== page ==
From CUNY Academic Commons

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Create a social media policy

Social media is key to 21st century communication with library users, and enables the academic library to pursue its mission and goals online, while promoting library resources and services. As Johnson and Burclaff note in their 2013 ACRL conference paper, “Making Social Media Meaningful: Connecting Missions and Policies”, 94% of academic libraries have a social media presence, mainly on Facebook, Twitter, and YouTube, but only 2% of those surveyed have a library-specific policy for social media (402). They also stress the importance of linking the academic library social media policy to the library’s mission statement, stating, “Mission-based goals and actions are particularly valuable in areas of rapid change, like social media… The library mission should drive the library’s activities and should therefore be present in these guiding policies.” (404)

Implementing a social media policy will streamline responsibility for the management of various platforms and provide guidelines for posts and interactions online with library patrons and the public. A written policy will also define the purpose of engaging in social media, moving past what content you share and how you share it to why the library is using social media at all. In his blog post, “Why does my library use social media?“, Brian Mathews writes, “It’s not about promoting the library, this is about building brand loyalty. It’s not about posting library news for students, but about building an ambassadors program, a network of friends and allies. The goal is a transition patrons from being library users to library advocates.”

Examples of academic library-specific policies

Many academic libraries rely upon the social media policy for their university, but there are several organizations that have made the effort to design a policy that reflects the needs of the library.

  • Drexel University Queen Lane Library Social Media Policy
    • all exchanges on social media are considered extensions of Circulation/Reference Desk interactions, staff members respond to all comments and messages
  • Oregon State University Libraries Social Media Policy
    • states that the library reserves the right to use comments and stories shared/posted by users in promotional materials for the library
    • offers a web form for non-library individuals to submit ideas or suggestions for posts
  • University of Baltimore Langsdale Library Social Media Policy
    • asks librarians and library staff to consider the ALA Code of Ethics when using social media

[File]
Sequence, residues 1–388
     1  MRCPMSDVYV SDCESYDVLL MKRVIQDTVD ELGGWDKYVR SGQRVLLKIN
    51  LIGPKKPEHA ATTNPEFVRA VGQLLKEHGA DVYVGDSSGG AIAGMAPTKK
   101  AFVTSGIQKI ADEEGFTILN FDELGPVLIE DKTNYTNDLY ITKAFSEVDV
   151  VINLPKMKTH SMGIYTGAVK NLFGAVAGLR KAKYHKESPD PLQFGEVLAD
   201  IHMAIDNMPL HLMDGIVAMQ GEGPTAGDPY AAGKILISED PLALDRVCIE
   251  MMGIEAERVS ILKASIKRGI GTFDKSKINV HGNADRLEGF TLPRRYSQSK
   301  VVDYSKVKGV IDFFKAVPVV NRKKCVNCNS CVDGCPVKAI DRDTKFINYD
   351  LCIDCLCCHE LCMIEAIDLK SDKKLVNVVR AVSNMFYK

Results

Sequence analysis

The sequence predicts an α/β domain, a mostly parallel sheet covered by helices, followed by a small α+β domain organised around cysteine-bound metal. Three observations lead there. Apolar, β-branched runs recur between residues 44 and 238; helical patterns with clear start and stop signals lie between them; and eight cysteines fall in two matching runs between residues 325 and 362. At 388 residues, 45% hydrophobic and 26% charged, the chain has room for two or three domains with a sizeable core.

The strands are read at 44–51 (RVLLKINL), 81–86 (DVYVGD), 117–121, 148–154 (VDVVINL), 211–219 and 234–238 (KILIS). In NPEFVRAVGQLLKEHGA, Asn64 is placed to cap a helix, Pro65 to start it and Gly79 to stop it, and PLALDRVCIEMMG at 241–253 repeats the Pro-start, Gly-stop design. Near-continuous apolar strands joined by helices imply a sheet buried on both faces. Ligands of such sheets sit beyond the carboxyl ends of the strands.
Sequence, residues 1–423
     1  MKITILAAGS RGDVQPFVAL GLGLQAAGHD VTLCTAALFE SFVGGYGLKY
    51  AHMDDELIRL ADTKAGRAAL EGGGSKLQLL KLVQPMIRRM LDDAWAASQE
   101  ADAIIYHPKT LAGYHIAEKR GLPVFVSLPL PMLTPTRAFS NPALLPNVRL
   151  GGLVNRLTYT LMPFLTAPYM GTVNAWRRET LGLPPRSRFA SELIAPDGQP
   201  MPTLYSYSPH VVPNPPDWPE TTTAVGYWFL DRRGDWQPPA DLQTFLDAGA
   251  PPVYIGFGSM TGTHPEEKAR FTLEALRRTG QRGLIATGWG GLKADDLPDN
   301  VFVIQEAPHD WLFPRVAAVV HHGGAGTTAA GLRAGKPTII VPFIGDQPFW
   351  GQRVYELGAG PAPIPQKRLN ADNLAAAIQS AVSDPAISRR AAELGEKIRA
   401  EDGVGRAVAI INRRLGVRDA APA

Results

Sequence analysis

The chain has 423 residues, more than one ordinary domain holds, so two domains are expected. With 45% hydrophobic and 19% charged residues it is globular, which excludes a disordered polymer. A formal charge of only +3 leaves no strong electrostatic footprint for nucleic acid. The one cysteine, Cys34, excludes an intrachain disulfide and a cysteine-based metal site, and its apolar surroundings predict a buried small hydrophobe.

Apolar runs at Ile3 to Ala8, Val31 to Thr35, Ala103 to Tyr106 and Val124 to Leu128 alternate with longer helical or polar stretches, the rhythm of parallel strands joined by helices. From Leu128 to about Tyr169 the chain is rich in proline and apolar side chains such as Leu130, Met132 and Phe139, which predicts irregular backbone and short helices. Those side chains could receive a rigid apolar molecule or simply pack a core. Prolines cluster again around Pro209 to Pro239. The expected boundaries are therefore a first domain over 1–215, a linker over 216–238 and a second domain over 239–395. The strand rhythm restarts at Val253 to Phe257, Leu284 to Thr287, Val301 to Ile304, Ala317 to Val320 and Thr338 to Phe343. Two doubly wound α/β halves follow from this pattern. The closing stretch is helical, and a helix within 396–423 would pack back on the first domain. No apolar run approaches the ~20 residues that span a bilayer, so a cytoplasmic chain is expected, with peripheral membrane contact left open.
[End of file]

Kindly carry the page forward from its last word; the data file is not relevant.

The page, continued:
• Walden University Library Social Networking Policy
    • emphasizes that by ‘liking’ or ‘friending’ the library users agree to receive communication via a particular social media channel
  • Washington State University Libraries Social Media Policy
    • assigns a responsible administrator to each social media account

Key themes

Johnson and Burclaff identify the following themes as key to both a mission statement and a social media policy for the academic library:

  • Encourages knowledge creation
  • Improves institutional outcomes
  • Integrates print and electronic resources
  • Provides access
  • Provides space
  • Supports curriculum
  • Teaches information skills

Reflection question

  • Why does your library use social media at all?
Library Why we use social media
Brooklyn College Library edit me!
Hunter College Library edit me!
Queens College Library edit me!
add your library! edit me!


Determine how social media will be used

There are many social networks to choose from, with Facebook, YouTube, and Twitter being the most popular platforms used by academic libraries (Johnson and Burclaff 2013, 402). According to the Summer 2013 issue of ALA Tips and Trends, academic libraries use these three platforms, as well as blogs, for outreach and to share information about events, services, or resources (2). The authors, Sheila Stoeckel and Caroline Sinkinson, also identify ways that librarians are using social media channels as tools for instruction, particularly online collaboration, curation and sharing, and practicing inquiry (2-3).

Examples of how academic libraries use social media

  • Yale University Library ~6,500 likes, posts events, news, links, pictures, and highlights special collection:
    • 10/26/2013 After the Red Sox won game 1 of the 2013 World Series, the library shared a photo of the team from their special collection, and mentioned another item in their possession – the first known printed account of baseball.